If you have a healthy long haired cat, big sized or fat cat you most likely won’t need to worry too much about your pet from being too cold if you keep your pet indoors. The same if you have a cat with a thyroid condition that makes it less tolerant to heat. Keep the temperature between 60 and 68 if you leave them alone. After choosing a temperature in this range you can adjust it later according to your cat’s behavior. If your cat is rolling up too much try to set the temperature on the higher side, close to 70. Every cat is more or less sensitive to cold temperatures, even long-haired cats.
On the other hand, if you have a skinny or short haired small cat you need to provide sources of heat in case your cat needs warmness to keep its body’s temperature during cold weather. If you can afford it, keep the temperature between 78 and 80. If you have a kitten, you need to set the temperature on a higher side and have a heated pet bed to keep it warm if needed.
If you have a long-haired, big sized or overweight cat you may need to leave a temperature about 80 (or below) if your house gets too hot above that temperature. If you can’t afford to leave the air conditioner “on” you can get a cooling pet bed so your feline friend has the chance to cool down if it feels too hot.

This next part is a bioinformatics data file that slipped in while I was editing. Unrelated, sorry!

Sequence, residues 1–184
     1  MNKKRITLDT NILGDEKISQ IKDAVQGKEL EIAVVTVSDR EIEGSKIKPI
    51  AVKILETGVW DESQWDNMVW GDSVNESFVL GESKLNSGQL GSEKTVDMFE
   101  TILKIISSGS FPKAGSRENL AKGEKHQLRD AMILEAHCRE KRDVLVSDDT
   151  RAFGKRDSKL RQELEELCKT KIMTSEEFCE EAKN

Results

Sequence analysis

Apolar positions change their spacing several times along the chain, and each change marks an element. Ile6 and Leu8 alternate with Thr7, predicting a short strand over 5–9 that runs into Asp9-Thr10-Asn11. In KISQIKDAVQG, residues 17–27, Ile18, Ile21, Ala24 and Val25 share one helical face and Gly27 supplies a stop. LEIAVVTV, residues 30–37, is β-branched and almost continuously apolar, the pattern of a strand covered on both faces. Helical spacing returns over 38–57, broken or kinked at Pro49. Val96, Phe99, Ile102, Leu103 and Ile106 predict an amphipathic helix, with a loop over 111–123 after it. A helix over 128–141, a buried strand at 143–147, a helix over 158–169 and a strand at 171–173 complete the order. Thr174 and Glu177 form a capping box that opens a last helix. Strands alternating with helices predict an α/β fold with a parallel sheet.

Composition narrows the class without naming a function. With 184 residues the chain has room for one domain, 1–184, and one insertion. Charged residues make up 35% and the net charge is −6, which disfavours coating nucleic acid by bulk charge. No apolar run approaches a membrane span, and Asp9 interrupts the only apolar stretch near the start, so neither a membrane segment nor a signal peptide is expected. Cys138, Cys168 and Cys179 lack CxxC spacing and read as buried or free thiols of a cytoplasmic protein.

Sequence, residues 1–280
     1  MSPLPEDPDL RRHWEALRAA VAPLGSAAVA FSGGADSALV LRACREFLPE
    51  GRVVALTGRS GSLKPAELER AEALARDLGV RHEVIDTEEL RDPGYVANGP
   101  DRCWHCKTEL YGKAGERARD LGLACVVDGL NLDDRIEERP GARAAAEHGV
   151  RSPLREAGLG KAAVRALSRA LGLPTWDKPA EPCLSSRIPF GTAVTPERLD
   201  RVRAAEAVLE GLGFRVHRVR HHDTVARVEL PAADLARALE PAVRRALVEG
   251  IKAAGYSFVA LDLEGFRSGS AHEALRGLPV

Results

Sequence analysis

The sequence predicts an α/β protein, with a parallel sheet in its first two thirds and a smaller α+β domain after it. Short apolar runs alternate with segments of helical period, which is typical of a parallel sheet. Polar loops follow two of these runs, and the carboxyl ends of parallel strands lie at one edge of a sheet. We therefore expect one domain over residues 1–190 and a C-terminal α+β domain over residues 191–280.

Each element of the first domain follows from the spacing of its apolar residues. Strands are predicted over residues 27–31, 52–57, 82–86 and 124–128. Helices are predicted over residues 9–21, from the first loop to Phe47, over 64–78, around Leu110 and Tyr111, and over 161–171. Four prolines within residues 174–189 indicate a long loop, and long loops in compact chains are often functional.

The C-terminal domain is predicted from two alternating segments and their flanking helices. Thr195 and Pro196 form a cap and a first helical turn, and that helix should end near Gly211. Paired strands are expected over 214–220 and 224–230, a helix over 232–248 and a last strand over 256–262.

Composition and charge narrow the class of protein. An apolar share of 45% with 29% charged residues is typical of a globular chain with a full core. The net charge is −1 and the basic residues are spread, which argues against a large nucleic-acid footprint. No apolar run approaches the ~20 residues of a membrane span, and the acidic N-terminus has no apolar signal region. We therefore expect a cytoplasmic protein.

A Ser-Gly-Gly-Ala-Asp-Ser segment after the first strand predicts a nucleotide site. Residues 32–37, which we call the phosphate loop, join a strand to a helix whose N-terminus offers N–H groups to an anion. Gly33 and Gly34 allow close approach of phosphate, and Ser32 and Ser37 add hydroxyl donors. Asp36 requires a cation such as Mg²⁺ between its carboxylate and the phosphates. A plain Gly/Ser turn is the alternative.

If your cat is slim and small or short haired hot temperature won’t bother it too much. Consider a temperature between 85 to 90, but leaving a fan or a window opened, making sure the air circulates. A kitten will tolerate the 90s much better than an adult cat.
ANALYZING YOUR HOME
Cats have their ways to balance their body temperatures, either seeking heat from different sources at home or trying to reach cold areas to cool down. If your home doesn’t provide these elements for your cat to adapt, it will be most likely that your pet will be too hot or too cold at some point.
When cats feel cold, they try to reach higher locations where the sun hits and heat rises. Does your house have high areas where the sun hits so your cat jump on and get warm in case it gets a little chilly? Cats like to seek warmness by staying in high places where they can enjoy the sunlight, next to a window. If your cat doesn’t have access to a window try to get a window perch for your cat. They are easy to install and your cat will have the opportunity to chill, enjoying the sun heat without the need of a cat tree or other piece of furniture. It’s very important for cats to see and feel the sunlight, felines are highly sensitive to the sunlight, to the point of showing signs of depression during winters.
Also, if your house is fully tiled floored make sure to provide enough warm areas where your cat can rest, especially in winters, remember that cats don’t always like to sleep in the same place. Consider a heated pet bed as an option if you have a small, short-haired cat or a kitten.
Think like a cat and you will find ways to provide your pet the elements they need to adapt to the temperature, even if you set the recommended temperature at home when you leave them alone, it is always good to provide your cat extra help in case that temperature doesn’t make your pet feel comfortable.
In summary, together with considering your cat’s characteristics to set the room temperature, make sure your cat has a source of warmness in winter and a cool area in summer when leaving them alone.